On the other hand, a company can only report so many unusual, one-time expenses before investors start to call shenanigans. We all hope COVID-19 is a temporary phenomenon, but it may well turn out to be a problem that haunts the world for years. So if a firm ends up buying fresh protective gear every quarter for two years running, declaring that as a non-GAAP adjustment seems kinda fishy.
Anyway, Usvyatsky’s paper covers all this and more, with numerous specific examples. So if coronavirus disclosures are your thing, we recommend her paper highly.
We continue to skim corporate filings for interesting disclosures about coronavirus, and the Q1 2020 report just filed by Williams Sonoma ($WSM) did not disappoint.
Like other retailers, Williams Sonoma did report all the usual signs of calamity we’ve seen lately: store closures, inventory write-down, impairment charges, and so forth. But the numbers weren’t that awful, considering the grim state of retail these days; and the firm also provided decent disclosure about how it arrived at several important decisions.
First, store closures. In the 10-K Williams Sonoma filed on March 27, the company said it had closed 592 stores in the United States and Canada — out of 614 stores Williams Sonoma operates worldwide. In other words, the company pretty much closed its entire physical store footprint, which had accounted for 44 percent of company revenues in 2019.
As of the Q1 2020 filing on June 8, William Sonoma had reopened 350 of those closed stores. We don’t yet know how sales traffic is performing at those locations yet, since most of the stores opened after the company’s quarter end; presumably we’ll get a better sense of that with the next quarterly filing sometime after Labor Day.
Still, we do know that Williams Sonoma is moving to reopen its retail operations. Also, if 44 percent of 2019 revenue came from store sales, that means 56 percent came from other channels — and those other channels weren’t closed during the Covid-19 shutdowns.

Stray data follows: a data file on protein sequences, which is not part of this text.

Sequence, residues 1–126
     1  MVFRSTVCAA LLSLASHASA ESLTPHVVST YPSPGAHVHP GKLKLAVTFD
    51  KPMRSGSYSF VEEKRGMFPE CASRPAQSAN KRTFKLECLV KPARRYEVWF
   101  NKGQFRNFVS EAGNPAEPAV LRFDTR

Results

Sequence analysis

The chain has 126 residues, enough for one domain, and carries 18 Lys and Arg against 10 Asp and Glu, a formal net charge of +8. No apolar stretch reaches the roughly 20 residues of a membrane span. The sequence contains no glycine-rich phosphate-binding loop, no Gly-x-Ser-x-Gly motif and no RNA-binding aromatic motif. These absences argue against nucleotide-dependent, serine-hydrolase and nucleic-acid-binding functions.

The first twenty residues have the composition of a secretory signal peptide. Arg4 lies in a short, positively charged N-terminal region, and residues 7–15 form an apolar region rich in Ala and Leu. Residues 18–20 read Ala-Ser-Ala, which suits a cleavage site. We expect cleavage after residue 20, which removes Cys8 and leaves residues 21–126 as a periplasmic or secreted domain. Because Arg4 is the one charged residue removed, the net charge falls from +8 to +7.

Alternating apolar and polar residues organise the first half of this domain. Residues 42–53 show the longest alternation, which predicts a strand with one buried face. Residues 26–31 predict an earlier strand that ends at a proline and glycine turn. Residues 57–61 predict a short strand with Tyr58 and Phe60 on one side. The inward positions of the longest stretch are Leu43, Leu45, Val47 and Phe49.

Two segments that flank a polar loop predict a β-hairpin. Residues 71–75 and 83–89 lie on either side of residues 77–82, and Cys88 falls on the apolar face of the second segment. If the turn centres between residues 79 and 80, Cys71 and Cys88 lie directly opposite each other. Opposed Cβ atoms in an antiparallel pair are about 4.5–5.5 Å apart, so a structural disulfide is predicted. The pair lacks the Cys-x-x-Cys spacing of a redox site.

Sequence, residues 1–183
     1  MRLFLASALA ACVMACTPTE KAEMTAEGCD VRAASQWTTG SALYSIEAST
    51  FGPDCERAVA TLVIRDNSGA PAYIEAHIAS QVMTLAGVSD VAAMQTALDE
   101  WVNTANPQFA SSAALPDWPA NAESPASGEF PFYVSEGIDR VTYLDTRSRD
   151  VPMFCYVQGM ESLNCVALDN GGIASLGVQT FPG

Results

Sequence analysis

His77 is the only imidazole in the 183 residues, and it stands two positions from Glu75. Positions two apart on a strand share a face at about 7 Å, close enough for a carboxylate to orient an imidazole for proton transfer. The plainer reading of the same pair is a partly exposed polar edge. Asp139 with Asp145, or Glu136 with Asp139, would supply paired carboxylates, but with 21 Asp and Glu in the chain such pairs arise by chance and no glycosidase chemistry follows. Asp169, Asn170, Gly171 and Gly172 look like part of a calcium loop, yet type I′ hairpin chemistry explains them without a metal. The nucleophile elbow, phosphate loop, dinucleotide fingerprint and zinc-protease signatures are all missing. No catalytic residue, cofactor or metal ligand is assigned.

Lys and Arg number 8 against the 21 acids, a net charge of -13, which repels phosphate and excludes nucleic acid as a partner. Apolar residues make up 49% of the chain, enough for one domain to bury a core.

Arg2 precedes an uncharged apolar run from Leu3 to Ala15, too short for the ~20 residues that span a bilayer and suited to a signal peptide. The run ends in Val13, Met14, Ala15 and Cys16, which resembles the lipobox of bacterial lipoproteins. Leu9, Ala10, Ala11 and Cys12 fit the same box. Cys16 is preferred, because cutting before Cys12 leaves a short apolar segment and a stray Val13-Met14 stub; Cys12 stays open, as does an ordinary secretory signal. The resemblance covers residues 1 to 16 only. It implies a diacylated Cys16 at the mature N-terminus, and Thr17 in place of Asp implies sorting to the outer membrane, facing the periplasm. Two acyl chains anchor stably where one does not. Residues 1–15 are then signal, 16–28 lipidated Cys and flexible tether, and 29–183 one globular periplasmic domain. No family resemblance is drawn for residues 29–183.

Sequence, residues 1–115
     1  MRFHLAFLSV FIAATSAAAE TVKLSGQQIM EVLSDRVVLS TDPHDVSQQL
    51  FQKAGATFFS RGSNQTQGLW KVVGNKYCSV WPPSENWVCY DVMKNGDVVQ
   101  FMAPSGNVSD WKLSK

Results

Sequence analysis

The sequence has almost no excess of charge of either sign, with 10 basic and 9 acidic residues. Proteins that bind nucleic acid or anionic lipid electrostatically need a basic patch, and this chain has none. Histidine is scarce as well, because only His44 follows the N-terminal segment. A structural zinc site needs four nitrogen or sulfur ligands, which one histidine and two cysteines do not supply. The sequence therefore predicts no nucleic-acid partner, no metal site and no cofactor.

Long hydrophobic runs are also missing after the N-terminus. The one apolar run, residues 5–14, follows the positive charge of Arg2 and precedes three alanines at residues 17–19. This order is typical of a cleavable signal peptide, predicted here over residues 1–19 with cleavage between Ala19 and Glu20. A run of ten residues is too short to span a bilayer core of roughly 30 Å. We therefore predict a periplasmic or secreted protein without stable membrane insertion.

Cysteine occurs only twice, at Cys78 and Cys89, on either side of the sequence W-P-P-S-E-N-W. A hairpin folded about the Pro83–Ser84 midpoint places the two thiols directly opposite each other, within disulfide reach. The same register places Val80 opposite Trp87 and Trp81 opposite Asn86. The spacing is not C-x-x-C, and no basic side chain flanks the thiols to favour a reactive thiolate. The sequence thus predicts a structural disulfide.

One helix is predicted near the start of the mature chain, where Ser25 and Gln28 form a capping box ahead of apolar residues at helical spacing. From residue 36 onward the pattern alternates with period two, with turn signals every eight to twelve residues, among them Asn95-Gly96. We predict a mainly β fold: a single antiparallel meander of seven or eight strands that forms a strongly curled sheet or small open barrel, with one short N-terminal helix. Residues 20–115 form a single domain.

Second, impairment charges. The company did record an impairment charge of $11.82 million related to property and equipment; another $11.3 million write-off of damaged inventory that couldn’t be sold elsewhere; and a $3.8 million charge on its operating lease right-of-use assets.
In total, however, that’s still only $26.9 in impairments, against assets at the end of Q4 2019 that totaled $4.05 billion. Plus, Williams Sonoma also tapped a $488 million line of credit when Covid-19 it, so the company’s pile of cash nearly doubled from $432 million in February to $861 million in June.
Third, goodwill impairment. Williams Sonoma carries about $85.3 million of goodwill on the balance sheet, mostly from a few acquisitions in the early and mid-2010s. The company did not declare any impairment to goodwill this quarter.
Why not? Read on…
We evaluated the need to test goodwill for potential impairment. Our most recently completed qualitative goodwill impairment assessment [conducted in November 2019] indicated that the fair values of our reporting units significantly exceeded their carrying values. Further, we currently do not expect the impact of COVID-19 to significantly affect the long-term estimates or assumptions of revenue and operating income growth, nor the long-term strategies of our brands, considered in our most recently completed goodwill assessment. Therefore, we currently do not consider the pandemic to be a triggering event requiring the testing of goodwill between annual tests.